You are browsing the archive for couscous Archives - Food from East.

Blueberry Couscous Pudding

Categories: Lung Fluid Xu, Lung Yin Vacuity, Spleen Qi Vacuity, Stomach Cold

Blueberry Couscous Pudding
By scott Schultz

Ingredients:
1 pint (16 oz.) blueberries
3 cups apple juice
1 cup couscous
1 teaspoon grated lemon or orange rind
1/4 teaspoon sea salt
optional: dollop of whipped cream
Preparation:
Mix all ingredients together in a large pot
Cover and simmer for 10 minutes
Turn off heat and let sit undisturbed for 15 minutes
Spoon onto a platter and arrange into a mound
Garnish with fresh blueberries and strawberry leaves or whipped cream
Serves approx. 6 people
TCM Ingredient Analysis:
Blueberries: cool, sweet, sour, astringent, forms body fluids and blood, nourish KD yin
Apple Juice: cool, sweet, sour, reduces heat, produces fluids for the body, moistens dryness, cool LU, cleansing and beneficial for LV/GB
Couscous: sl. cool, sweet, supplements qi, nourishes HT and calms shen, reduces thirst
Lemon/Orange Rind: acrid, bitter, regulates qi, harmonize, dries/transforms damp
Sea Salt: cooling, salty, anti-inflammatory, softens
TCM Recipe Analysis:
This dessert is cooling if served cold and more neutral if served warm. The three main ingredients are blueberries, apple juice, and couscous, which are all sweet and nourishing. The blueberries and the apple juice both produce fluids for the body. The lemon/orange peel helps harmonize the dish as an envoy. Overall this dessert does a good job at supplementing qi and building fluids in the body.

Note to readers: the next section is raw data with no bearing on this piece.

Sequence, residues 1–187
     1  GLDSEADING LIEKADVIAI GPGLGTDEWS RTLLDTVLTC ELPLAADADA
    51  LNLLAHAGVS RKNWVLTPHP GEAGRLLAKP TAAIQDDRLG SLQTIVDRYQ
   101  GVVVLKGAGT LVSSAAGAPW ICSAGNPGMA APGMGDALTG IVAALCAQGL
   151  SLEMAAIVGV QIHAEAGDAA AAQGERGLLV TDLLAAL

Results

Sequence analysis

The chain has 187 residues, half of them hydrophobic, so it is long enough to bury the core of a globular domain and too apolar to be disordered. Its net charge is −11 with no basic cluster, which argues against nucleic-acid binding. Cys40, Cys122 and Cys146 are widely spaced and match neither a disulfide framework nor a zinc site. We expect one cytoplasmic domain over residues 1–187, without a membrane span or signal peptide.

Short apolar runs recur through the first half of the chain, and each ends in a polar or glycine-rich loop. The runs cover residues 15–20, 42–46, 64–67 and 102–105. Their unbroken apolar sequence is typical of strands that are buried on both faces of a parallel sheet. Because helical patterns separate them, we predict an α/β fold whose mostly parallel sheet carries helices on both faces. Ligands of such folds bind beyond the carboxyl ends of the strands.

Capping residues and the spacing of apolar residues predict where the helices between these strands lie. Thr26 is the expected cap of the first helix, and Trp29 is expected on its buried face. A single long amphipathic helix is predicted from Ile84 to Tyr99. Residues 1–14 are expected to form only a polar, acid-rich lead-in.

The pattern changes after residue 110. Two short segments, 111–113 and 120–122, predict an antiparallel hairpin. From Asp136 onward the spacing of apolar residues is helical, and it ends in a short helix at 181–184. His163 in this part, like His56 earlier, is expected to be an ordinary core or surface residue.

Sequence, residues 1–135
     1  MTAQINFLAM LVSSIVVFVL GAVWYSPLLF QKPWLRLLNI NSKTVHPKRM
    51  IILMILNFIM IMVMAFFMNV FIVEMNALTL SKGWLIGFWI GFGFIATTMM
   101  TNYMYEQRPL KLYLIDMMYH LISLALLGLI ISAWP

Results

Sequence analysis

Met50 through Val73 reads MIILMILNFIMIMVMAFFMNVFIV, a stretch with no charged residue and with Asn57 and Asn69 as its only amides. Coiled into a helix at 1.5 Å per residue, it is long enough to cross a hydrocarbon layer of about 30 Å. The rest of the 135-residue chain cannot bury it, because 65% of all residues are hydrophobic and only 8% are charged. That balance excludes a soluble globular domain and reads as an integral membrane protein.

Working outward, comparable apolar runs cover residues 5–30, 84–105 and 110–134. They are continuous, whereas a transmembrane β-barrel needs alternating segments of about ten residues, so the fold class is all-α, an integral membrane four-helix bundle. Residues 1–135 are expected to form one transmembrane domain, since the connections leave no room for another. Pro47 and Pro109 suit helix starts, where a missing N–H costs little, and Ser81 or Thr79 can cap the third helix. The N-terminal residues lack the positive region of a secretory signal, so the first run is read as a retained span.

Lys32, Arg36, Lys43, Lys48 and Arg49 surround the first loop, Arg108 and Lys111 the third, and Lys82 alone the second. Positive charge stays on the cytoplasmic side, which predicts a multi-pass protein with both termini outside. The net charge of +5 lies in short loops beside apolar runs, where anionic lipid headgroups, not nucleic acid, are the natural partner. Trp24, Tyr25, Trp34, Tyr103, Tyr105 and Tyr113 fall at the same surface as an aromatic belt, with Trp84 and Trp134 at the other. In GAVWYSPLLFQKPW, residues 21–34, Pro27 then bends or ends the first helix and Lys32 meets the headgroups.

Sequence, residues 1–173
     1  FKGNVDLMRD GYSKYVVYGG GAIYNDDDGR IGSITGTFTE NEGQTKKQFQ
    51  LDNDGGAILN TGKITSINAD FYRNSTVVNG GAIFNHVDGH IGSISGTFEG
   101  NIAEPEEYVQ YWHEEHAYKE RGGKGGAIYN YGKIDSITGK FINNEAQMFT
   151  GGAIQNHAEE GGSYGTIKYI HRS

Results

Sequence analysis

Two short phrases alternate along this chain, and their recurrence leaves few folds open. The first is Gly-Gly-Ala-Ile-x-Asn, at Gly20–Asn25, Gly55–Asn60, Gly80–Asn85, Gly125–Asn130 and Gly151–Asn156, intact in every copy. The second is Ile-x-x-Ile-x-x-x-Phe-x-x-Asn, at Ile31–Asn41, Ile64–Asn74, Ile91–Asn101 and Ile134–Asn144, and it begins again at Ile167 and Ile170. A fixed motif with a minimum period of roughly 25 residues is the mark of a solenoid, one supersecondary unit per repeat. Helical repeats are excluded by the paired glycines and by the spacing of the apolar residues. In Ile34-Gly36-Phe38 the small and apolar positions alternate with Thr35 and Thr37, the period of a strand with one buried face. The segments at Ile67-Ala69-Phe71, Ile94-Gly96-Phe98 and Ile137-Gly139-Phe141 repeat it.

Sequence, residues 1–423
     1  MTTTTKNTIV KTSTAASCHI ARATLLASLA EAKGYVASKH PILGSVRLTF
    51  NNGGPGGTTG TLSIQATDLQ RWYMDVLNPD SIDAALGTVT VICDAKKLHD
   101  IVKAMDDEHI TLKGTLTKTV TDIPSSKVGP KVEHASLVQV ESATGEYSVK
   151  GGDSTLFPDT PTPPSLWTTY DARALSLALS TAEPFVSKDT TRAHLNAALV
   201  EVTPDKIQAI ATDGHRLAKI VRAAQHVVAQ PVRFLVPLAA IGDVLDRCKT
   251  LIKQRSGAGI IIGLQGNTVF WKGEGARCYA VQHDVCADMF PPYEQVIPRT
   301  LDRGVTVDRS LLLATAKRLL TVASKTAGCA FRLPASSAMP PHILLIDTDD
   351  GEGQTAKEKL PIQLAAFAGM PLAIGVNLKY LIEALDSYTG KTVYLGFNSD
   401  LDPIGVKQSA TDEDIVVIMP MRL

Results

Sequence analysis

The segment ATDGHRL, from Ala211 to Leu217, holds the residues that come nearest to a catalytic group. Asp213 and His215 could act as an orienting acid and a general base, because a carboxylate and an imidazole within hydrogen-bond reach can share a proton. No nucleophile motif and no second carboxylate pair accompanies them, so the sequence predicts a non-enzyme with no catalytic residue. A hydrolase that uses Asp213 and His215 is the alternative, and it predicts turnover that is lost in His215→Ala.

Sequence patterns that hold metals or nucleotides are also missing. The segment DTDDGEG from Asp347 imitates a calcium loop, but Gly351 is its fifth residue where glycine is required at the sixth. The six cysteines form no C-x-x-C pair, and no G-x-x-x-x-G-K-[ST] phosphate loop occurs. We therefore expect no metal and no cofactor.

Patterns:
SP qi xu
LU dryness (heat)
Spleen & Stomach, nourishing fluids and blood
Can add Long Yan Rou To direct more to HT blood

Morning Couscous With Oranges and Dates

Categories: Shen Calming, Spleen Qi Vacuity

Morning Couscous With Oranges and Dates
Andrew Scrivani for The New York Times
By MARTHA ROSE SHULMAN
Published: December 7, 2009

This is a delicious way to enjoy couscous. You can reconstitute the couscous the night before and keep it in the refrigerator overnight. All it will need in the morning is a steam in the microwave and the addition of the oranges.

1 1/2 cups water

2 to 3 tablespoons brown sugar or honey (to taste)

1 teaspoon orange flower water (optional; available at Middle Eastern markets)

3 tablespoons chopped dried apricots

2 tablespoons currants or raisins

1 tablespoon unsalted butter (optional)

1 cup couscous

1/4 to 1/2 teaspoon cinnamon, to taste

1/4 teaspoon salt (optional)

2 navel oranges

6 dates, pitted and cut in quarters lengthwise

Pomegranate seeds for garnish

1. Combine the water and brown sugar or honey in a saucepan, and bring to a boil. Turn the heat to medium, and boil gently until the sugar has dissolved. Stir in the optional orange flower water, the chopped apricots and the raisins or currants, and set aside for five minutes.

2. Place the couscous in a 2-quart bowl, and add the cinnamon and salt. Stir together. Pour on the hot syrup. Mix together with a fork, spatula or wooden spoon, and set aside for 20 minutes, stirring occasionally. At this point, if not eating right away, cover and refrigerate.